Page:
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Service usage of a cohort of formerly homeless women in Aotearoa New Zealand.

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SSM-Population Health, 15, 100842

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This paper provides a quantitative analysis of the service usage of homeless women in a small city in Aotearoa New Zealand, revealing significant gender differences within the homeless population, particularly focusing on a cohort that has been re-housed by Housing First services.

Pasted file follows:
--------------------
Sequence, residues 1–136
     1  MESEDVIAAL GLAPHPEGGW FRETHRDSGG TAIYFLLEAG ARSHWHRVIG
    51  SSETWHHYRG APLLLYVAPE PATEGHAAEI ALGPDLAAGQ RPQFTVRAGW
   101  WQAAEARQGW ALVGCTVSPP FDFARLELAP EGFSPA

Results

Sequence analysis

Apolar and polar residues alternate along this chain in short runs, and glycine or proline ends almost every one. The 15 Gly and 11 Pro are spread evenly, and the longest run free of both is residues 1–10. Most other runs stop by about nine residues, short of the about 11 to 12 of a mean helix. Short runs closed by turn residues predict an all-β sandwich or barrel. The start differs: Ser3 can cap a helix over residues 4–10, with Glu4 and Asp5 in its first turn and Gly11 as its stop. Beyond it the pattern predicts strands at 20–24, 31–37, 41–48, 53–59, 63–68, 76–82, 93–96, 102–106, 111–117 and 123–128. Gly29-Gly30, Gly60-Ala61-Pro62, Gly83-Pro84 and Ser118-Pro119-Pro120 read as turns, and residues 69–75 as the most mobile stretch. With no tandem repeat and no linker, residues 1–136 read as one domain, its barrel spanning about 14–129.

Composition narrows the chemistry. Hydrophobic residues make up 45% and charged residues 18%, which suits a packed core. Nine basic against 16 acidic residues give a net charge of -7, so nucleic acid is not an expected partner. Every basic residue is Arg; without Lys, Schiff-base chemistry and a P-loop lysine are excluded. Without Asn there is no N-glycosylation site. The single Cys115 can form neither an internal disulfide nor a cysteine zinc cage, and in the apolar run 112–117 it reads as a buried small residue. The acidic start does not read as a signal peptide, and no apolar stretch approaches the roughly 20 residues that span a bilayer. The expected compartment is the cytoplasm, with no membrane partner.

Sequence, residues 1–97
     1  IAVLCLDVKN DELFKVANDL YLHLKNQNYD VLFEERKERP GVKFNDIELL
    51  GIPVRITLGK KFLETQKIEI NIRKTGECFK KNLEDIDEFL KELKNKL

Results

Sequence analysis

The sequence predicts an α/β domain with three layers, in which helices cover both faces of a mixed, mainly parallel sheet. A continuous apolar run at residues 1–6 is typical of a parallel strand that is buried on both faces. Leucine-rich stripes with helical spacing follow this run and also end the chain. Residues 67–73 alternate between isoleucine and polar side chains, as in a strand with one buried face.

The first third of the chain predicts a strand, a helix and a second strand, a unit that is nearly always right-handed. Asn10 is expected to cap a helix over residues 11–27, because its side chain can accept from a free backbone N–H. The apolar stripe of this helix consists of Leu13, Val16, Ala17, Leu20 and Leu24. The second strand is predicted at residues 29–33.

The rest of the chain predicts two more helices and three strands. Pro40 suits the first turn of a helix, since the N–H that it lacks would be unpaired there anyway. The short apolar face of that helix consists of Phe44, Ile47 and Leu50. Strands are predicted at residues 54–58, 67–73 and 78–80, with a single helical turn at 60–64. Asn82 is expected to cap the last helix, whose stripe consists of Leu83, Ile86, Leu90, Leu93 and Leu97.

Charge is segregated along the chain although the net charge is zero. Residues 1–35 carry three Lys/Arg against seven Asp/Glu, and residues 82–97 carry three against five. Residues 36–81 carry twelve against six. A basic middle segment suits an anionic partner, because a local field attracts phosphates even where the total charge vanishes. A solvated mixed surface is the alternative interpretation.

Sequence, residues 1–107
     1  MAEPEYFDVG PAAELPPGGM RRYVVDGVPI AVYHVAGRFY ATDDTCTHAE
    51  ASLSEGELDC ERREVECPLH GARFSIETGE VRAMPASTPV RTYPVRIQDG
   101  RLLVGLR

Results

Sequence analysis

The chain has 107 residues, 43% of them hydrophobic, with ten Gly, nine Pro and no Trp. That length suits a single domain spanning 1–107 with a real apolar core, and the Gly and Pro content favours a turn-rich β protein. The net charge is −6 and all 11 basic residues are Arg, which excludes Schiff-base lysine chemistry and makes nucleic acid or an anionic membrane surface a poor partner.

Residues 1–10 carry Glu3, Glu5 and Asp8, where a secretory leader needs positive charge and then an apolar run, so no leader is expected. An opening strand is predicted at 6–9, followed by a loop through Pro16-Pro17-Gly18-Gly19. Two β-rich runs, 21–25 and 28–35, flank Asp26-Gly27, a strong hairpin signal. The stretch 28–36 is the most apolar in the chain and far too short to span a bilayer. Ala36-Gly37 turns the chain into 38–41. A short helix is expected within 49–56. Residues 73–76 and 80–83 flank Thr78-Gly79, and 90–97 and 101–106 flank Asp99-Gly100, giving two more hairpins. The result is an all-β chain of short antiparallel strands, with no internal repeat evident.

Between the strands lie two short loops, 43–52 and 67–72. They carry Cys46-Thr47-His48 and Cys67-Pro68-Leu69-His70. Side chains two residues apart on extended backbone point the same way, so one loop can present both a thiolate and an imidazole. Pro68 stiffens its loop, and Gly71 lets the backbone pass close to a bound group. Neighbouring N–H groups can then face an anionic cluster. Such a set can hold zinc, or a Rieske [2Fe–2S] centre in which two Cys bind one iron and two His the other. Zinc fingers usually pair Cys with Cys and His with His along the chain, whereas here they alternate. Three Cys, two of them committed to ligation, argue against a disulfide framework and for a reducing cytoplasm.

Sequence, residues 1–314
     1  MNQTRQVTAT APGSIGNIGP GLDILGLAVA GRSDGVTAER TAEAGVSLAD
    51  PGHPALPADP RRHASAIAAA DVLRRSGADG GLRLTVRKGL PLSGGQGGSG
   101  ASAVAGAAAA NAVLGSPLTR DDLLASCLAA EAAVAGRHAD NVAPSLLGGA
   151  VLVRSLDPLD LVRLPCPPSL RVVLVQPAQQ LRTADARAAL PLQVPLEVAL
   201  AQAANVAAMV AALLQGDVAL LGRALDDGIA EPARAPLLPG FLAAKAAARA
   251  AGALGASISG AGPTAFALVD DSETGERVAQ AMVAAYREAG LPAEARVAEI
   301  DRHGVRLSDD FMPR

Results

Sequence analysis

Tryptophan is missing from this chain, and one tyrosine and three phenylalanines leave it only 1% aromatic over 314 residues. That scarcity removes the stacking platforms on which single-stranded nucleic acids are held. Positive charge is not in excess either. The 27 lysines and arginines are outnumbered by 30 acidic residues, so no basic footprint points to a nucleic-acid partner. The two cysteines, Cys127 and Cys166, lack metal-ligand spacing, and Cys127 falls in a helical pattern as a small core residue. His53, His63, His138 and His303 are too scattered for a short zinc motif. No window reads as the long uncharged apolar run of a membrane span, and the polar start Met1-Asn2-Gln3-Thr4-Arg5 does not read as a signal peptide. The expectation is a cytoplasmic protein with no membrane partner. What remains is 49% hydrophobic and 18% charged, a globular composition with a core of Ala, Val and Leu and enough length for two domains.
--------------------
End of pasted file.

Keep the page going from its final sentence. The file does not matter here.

Utilising de-identified and integrated administrative datasets, the study finds that homeless women are more likely to be younger, Māori, parents, and have higher rates of government service usage prior to being housed compared to their male counterparts. It builds on previous research by He Kāinga Oranga and expands the understanding of homelessness by examining it through a gendered lens, highlighting the unique challenges faced by women, especially indigenous Māori women. This study highlights the gender disparities within the homeless population in Aotearoa New Zealand, with a specific focus on women’s experiences compared to men’s. The paper underscores the inadequacy of traditional homelessness definitions and solutions, which often overlook the unique needs and circumstances of women, particularly those from indigenous backgrounds. Furthermore, it argues for the necessity of holistic and gender-specific approaches in addressing homelessness, such as the Housing First model, which prioritises providing permanent housing without preconditions. The study also points to the systemic issues contributing to women’s homelessness, including the impacts of colonisation, the neoliberalisation of the welfare state, and gender norms that affect women’s economic opportunities and responsibilities as caregivers.

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